Many arguments, especially, it must be said, on Internet discussion boards, turn into fruitless wrangling over the meaning of words. In particular, if a Christian uses the word "Christian" to imply a certain type of behaviour, someone will almost inevitably give an example of a so-called "Christian" who did the opposite. The Christian may very well protest that the example probably wasn't a true Christian. At this point his opponent triumphantly cries "No True Scotsman!" and the argument is lost.
"No True Scotsman" is the name coined by Anthony Flew for a fallacy which goes like this:
Obviously this is fallacious reasoning. Wikipedia has a very clear description of the fallacy as above and tellingly remarks "Christians are often charged with employing this fallacy when they say that no true Christian would do something. 'Christian' is used by such a widely disparate set of people that it has very little meaning when it comes to behaviour. If there is no one accepted definition of the subject, then the initial argument should be accepted as the definition for the discussion at hand." OK, it's a wiki, but it makes sense - you do have to take words in context.
In contrast, the atheism.about.com FAQ says this:
"Here is a real life example of how this fallacy can be used:
'4. Another good example is abortion, our government has such a small Christian influence that the courts have ruled it's ok to kill babies now. Typical. The people who support legalized abortion but claim to be Christians don't really follow Jesus - they have lost their way.'"
The FAQ continues by analysing the passage as follows:
"In an effort to argue that abortion is wrong, it is assumed that Christianity is inherently and automatically opposed to abortion (begging the question). In order to do this, it is further argued that no one who supports legalized abortion - for any reason - can really be a Christian (equivocation through an ad hoc redefinition of the term 'Christian')."
This analysis itself is actually a pretty typical abuse of the "No True Scotsman" concept. It gets off to a bad start with "In an effort to argue that abortion is wrong...". You do not need to look very closely to see that the author is not is arguing the case that abortion is anti-Christian, he takes that much for granted - a stance which may need justifying but isn't begging the question since proving it is not his objective here. He then proceeds to say that the country is totally non-Christian and that the abortion laws prove it. Finally he turns the finger of blame onto people who claim to be Christians but who don't follow Jesus.
It is, of course, the phrase "claim to be Christians" that gives atheists the excuse to cry "No True Scotsman!". It all depends what you mean by the word "Christian". Atheists tend to use it to mean "everything that calls itself 'Christian'" - a useful ploy as it makes Christianity an easy target. Christians use it to mean believers in their faith and followers of Jesus - which sounds suspiciously like "it means whatever we want it to mean". But, in fact, the "Christian" shades of meaning are well-known, unlike the meaning of "true Scotsman" which can only be guessed at when McDonald suddenly introduces it.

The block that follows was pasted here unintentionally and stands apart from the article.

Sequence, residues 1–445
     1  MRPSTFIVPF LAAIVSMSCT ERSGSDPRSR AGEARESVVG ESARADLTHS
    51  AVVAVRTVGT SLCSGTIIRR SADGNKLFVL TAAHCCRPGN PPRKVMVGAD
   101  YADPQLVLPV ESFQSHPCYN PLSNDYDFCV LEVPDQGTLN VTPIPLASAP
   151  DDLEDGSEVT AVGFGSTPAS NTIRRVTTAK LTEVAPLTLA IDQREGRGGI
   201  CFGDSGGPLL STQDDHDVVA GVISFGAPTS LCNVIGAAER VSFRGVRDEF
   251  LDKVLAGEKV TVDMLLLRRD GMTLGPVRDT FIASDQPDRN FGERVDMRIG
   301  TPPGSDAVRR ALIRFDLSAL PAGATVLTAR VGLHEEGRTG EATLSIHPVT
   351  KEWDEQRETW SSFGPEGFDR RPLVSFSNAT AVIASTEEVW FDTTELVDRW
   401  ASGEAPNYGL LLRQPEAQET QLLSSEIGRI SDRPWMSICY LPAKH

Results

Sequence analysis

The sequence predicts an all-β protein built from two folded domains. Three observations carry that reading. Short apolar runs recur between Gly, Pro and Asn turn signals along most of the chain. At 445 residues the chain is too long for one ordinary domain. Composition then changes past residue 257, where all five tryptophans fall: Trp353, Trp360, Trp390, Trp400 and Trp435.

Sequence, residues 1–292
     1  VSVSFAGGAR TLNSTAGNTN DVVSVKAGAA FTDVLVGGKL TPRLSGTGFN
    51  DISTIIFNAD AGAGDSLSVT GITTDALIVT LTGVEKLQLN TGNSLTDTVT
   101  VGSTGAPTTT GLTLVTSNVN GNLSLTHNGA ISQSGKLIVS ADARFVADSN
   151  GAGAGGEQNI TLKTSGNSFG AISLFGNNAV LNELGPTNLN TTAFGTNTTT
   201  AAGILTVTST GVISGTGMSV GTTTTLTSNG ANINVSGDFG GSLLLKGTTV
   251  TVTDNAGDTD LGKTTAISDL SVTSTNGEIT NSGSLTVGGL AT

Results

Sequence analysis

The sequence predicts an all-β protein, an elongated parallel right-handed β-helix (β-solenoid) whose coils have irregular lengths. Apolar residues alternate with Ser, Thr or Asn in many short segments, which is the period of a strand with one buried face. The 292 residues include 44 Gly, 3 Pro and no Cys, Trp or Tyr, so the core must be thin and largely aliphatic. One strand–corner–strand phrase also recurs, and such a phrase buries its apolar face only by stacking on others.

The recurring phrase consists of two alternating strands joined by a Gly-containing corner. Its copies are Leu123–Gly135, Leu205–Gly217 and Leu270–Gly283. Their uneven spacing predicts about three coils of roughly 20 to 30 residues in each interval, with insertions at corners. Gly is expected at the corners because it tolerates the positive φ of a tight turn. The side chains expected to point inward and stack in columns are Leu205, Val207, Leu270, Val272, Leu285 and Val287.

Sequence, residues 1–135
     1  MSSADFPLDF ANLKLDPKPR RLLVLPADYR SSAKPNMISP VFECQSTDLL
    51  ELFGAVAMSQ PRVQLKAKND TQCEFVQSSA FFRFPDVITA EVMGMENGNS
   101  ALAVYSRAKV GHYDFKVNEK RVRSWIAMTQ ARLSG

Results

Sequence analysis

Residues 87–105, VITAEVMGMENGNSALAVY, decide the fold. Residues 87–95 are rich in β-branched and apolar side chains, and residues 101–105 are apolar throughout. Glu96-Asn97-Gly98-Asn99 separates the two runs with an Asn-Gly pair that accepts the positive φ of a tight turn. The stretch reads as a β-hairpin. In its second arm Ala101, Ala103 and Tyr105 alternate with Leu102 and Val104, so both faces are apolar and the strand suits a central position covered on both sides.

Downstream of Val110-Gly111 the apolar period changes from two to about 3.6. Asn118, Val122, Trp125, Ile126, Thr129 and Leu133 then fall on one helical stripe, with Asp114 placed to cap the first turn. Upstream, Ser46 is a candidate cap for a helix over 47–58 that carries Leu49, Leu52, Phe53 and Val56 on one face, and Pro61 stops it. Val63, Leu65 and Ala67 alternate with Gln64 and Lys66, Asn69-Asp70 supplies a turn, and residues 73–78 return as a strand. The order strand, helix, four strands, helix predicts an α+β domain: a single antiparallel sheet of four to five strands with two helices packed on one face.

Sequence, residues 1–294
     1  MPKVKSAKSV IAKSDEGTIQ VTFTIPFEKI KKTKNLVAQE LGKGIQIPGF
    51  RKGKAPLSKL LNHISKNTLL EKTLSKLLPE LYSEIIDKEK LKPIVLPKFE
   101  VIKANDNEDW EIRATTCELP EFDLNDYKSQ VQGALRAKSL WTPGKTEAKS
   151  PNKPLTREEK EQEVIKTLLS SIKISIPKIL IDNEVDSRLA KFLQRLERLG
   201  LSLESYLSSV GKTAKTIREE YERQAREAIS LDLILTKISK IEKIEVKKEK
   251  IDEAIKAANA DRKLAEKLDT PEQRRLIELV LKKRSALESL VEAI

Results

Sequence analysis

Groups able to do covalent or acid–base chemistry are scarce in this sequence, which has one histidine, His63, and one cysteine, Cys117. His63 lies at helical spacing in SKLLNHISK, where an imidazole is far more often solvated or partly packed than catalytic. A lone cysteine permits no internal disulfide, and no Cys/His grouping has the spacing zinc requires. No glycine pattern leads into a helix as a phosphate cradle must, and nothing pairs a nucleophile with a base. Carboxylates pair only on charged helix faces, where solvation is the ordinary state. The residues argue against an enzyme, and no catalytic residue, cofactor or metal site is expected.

The argument could certainly have been put more formally by stating the assumptions. However, in casual writing it is up to the reader to make allowances and work out what the writer means. Of course, if the writing is so sloppy that it doesn't make any sense at all then the writer has failed but that is not the case here. Equally, if the argument is superficially convincing but a closer inspection shows it to be wrong then the critic is justified in complaining. However, if it says one thing and the critic pretends it is saying another and then condemns it for not doing so rigorously then the critic is doubly wrong and loses all credibility. The atheist's rant against the Christian article for the wrong reasons is a classic strawman, not atypical from that source, it has to be said.
Flew's original illustration is actually a bit hard on the speaker. In all probability he wasn't suggestion that Angus, the sugar eater, isn't a Scot, only that he isn't worthy of the name "Scotsman". However, the incident is just an illustration. We must give Flew the benefit of the doubt as being in the best position to know what was going on in the imaginary man's mind.
So, then, the primary error was to re-define "Scotsman" on the fly so it no longer simply means "a man from Scotland" as the naive listener might think, but now means something else known only to the speaker and, of course, to Flew. In comparison, when a Christian unwarily says "but they can't have been true Christians", the term "true" is used to indicate people who truly follow Jesus, people who don't merely call themselves by his name. There is no change of meaning - the writer, like Flew, thinks it is obvious what he means. As indeed it is to all but the author of the atheism.about.com FAQ. However, an argumentative atheist does not want the word "Christian" to mean "follower of Christ". Typically he would prefer a meaning which allows him to implicate Mother Theresa in burning heretics alive.
So, of course, there is such a thing as a True No True Scotsman Fallacy, but often the term is abused, creating a new fallacy in its own right. I call this fallacy "The No True Scotsman Fallacy Fallacy"
Imitation is the sincerest form of flattery and the above has spawned an attempted rebuttal in the shape of an article called The No True Scotsman Fallacy Fallacy Fallacy.
The author actually says little beyond repeating the claim that Christians regularly commit the NTSF, which I dispute for the reasons already given. In particular, there is a world of difference between
I suspect it started as a Title in Search of an Article.
Monty Python has nothing to fear.